Patterns of Temporal and Spatial Variability of Sponge Assemblages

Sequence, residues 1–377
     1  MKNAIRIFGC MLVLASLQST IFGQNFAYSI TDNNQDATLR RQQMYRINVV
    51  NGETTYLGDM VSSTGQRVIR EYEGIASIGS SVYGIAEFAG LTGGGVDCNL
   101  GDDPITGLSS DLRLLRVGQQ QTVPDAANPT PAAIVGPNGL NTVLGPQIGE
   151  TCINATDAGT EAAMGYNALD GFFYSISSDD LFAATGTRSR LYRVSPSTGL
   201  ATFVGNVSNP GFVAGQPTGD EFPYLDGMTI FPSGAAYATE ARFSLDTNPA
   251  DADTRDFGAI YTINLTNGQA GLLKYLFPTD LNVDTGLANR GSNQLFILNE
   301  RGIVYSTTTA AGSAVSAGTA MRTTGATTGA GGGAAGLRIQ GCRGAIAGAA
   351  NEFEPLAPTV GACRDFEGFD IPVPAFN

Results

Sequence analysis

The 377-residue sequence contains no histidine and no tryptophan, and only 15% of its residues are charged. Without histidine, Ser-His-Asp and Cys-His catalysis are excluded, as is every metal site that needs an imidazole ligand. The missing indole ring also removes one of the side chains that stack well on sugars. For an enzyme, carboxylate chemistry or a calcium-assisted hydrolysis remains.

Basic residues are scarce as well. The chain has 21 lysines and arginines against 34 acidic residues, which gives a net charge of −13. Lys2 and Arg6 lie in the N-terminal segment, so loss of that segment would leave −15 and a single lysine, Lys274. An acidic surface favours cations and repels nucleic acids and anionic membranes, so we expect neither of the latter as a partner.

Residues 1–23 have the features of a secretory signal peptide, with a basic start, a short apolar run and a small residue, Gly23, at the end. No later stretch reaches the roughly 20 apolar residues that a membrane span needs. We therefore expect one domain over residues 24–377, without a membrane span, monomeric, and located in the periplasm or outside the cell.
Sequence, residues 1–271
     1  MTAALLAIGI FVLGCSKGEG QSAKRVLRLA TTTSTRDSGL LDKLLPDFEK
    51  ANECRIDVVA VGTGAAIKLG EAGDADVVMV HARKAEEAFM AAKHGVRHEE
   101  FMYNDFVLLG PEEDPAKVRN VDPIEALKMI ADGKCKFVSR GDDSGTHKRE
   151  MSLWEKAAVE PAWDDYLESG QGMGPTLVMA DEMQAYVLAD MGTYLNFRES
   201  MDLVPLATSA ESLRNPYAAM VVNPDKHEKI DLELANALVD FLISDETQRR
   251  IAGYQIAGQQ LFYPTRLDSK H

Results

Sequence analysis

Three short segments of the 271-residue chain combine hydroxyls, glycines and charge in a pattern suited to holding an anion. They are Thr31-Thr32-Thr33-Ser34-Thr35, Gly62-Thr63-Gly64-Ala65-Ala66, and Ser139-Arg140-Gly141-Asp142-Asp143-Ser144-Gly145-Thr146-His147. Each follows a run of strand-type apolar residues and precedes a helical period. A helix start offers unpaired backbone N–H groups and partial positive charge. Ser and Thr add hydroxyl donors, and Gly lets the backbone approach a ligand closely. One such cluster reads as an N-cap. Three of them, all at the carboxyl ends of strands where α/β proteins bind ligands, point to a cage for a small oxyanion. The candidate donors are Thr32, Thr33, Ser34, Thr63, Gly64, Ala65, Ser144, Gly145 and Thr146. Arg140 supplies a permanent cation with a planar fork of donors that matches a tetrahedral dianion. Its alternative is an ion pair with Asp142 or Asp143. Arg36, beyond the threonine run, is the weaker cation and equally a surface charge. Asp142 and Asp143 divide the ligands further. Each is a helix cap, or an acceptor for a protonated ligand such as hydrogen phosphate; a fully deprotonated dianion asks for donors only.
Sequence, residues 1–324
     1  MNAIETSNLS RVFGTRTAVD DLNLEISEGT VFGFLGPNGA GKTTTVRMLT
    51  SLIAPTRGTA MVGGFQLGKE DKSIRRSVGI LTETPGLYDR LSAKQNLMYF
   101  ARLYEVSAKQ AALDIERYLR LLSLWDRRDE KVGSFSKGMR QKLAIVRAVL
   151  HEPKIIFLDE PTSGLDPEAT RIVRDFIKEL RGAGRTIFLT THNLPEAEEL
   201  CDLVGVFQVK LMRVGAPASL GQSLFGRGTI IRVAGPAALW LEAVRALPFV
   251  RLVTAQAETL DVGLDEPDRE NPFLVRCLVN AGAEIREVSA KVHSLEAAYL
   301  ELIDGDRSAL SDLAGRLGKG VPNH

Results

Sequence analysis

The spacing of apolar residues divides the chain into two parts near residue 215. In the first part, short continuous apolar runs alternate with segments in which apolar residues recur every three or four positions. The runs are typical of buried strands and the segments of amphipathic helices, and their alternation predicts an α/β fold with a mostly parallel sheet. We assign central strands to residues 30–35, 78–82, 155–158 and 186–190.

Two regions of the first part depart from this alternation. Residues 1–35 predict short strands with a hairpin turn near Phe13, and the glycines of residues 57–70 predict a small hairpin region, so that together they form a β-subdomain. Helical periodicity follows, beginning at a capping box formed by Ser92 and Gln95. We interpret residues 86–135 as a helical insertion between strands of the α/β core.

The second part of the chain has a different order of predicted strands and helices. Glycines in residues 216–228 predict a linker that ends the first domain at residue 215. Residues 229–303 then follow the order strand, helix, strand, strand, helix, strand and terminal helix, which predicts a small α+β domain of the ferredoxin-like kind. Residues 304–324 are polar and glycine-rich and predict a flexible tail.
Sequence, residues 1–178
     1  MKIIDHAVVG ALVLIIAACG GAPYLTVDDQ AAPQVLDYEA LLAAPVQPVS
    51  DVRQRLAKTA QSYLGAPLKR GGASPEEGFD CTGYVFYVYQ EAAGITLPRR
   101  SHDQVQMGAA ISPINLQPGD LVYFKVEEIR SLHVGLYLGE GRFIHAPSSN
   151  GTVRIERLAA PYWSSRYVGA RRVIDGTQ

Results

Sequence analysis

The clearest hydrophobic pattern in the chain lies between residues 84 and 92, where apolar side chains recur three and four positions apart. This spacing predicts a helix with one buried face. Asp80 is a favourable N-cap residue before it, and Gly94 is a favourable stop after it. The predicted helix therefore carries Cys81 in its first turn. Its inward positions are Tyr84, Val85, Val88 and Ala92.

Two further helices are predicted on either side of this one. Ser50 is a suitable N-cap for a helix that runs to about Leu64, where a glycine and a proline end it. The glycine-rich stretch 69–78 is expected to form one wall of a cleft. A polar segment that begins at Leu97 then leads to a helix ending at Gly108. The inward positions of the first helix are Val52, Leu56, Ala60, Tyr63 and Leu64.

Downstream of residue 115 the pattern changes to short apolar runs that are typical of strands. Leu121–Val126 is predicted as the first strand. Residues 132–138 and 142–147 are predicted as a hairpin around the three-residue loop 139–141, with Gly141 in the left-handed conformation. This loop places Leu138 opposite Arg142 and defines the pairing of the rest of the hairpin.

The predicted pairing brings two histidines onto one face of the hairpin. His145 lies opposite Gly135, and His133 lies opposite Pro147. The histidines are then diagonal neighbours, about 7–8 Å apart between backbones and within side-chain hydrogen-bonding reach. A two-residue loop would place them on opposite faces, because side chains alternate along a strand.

The primary goals of this thesis were to understand the spatial and temporal pattern of sponge assemblage variation over a variety of scales and investigate suitable monitoring methods for sponge assemblages. Sponges are an ecologically significant group in benthic marine communities, which are often ignored in current monitoring schemes. In chapter two the sponge biodiversity of New Zealand waters to 200m was examined using Taxonomic Distinctness measures initially to test if genera data could be used as a proxy for species level data in New Zealand waters. It was found that over 50% of the variation in genera biodiversity could be explained by location and depth around New Zealand. The study helped pinpoint where there were gaps in the New Zealand dataset, in particular for the West Coast of the South Island and also areas such as the Wellington South Coast, which had higher than expected values for Average and Variation Taxonomic distinctness measures, which as important areas where sponges should be monitored to make sure the high levels of biodiversity are protected. Taxonomic distinctness measures are useful for initially assessing how the biodiversity is distributed, especially when using a data set with uneven sampling effort, as it is robust to spatial and temporal bias in the majority of cases. However, there was an outlier to the genera data correlating well with the variation in species data in the case of a site dominated by Haliclona sp (Lyttelton Harbour). In chapters three and four the spatial and temporal variability of sponge assemblages of the Wellington South Coast were explored creating both a species list for the area and an understanding of how the sponge assemblage varies over time and space. There were significant differences in the sponges assemblages in similar habitat types over a scale of a few hundred metres. In addition, although all the sponge assemblages changed seasonally, the changes at each sampling site responded in a slightly different way most likely due to spatiotemporal variation in environmental conditions. A similar seasonal pattern was also observed in chapter five for sponge assemblages at Skomer Marine Reserve and this pattern was also clear when using morphological monitoring methods. This means that once a site has been mapped for biodiversity it is possible for some habitats to use morphological monitoring to identify if the sponge assemblage is changing significantly saving time and money. The results from Indonesia (chapter six) showed that although the sponge assemblages were changing significantly in the actual species present and their abundances, the proportion of diversity within each spatial level (quadrat, site and region) remained consistent when sampled at the same time each year throughout the five year study. In species rich assemblages there are a variety of life strategies that can respond differently to shifts in environmental conditions and contribute to ecological functioning in various ways. Various monitoring methods have been tested using sponge assemblages over various spatial and temporal scales in this thesis. Spatial, temporal and the interaction of spatial and temporal factors were all important for identifying significant assemblage differences at all of the sites. Further studies integrating the interaction of spatial and temporal factors into understanding monitoring data sets are vital to understand the patterns of assemblage variability and therefore incorporate into habitat management plans.